Trends in malpractice awards and adverse actions (e.g., revocation of provider license) following an act or omission constituting medical error or negligence were examined. The National Practitioner Data Bank was used to compare rates of malpractice reports and adverse actions for physicians, physician assistants (PAs), and nurse practitioners (NPs). During 2005 through 2014, there ranged from 11.2 to 19.0 malpractice payment reports per 1,000 physicians, 1.4 to 2.4 per 1,000 PAs, and 1.1 to 1.4 per 1,000 NPs. Physician median payments ranged from 1.3 to 2.3 times higher than PAs or NPs. Diagnosis-related malpractice allegations varied by provider type, with physicians having significantly fewer reports (31.9%) than PAs (52.8%) or NPs (40.6%) over the observation period. Trends in malpractice payment reports may reflect policy enactments to decrease liability.
Medical malpractice is defined by Merriam-Webster as careless, wrong, or illegal actions by a doctor who is performing a professional duty. Most medical-legal cases are settled for a variety of reasons, however, those cases that make it to a court of law rely on experts to teach, train, and educate the jury.
I was recently involved in a medical malpractice case that went against the physician. Remember, most malpractice cases are brought against a physician is in reality bad outcomes, as no one in the medical profession attempts to do the wrong thing to anyone. In this particular case, however, lack of communication and common sense led to a favorable plaintiff's verdict.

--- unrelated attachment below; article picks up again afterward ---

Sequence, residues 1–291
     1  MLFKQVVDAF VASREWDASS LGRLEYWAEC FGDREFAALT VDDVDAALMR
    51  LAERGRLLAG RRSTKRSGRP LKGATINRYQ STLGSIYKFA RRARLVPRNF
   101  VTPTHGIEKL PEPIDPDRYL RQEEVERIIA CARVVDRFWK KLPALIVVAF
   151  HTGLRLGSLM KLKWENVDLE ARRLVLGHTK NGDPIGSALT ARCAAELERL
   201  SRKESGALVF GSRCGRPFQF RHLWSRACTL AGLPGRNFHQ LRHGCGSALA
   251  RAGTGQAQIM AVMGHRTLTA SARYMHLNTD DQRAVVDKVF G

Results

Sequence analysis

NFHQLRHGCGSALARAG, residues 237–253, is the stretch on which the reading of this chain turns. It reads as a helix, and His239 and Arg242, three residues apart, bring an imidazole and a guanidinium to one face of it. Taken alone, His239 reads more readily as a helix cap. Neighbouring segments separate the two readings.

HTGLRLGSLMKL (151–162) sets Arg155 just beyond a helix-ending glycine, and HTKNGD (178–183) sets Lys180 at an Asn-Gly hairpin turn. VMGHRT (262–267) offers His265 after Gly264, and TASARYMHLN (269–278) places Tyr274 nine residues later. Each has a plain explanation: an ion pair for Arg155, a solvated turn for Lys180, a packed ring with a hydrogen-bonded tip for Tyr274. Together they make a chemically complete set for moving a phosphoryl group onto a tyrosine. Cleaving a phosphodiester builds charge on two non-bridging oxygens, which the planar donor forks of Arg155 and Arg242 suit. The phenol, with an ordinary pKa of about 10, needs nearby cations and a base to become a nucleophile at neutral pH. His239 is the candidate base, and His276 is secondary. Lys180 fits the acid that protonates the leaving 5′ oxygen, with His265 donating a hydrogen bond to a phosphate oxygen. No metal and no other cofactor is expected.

A malpractice action requires the plaintiff to prove: (1) the defendant caregiver owed a duty of care to the plaintiff-patient, (2) the caregiver departed from that standard of care, and (3) that departure from the standard of care actually caused the injury claimed by the plaintiff. "Causation" 11; often the critical component in a malpractice action because the presence of a duty is often obvious, except perhaps in "Good Samaritan" cases, but the statutorily-required expert witnesses will argue about whether the caregiver departed from some standard of care. Because defining "causation" is difficult, there are interesting distinctions in legal versus medical, sociological, or philosophical concepts of cause-and-effect. Applying this difficult concept of "causation" to the very complex world of labor and delivery (L&D) does indeed beg the question, just how can causation be established?
In 1998, problems with my vision forced me to retire from the active practice of cardiac surgery.
We assessed whether physician assistant (PA) and nurse practitioner (NP) utilization increases liability.
Each lawsuit is different, and each state has different laws. In general, this is the process in Florida. Your case may proceed differently. We can break it down into 4 stages: investigation, pre-suit, suit, and post-verdict. The process takes months to years. Mediation (meeting with the other side to try to settle) can occur during any of the 3 later stages. It is very important, so we will discuss it here too.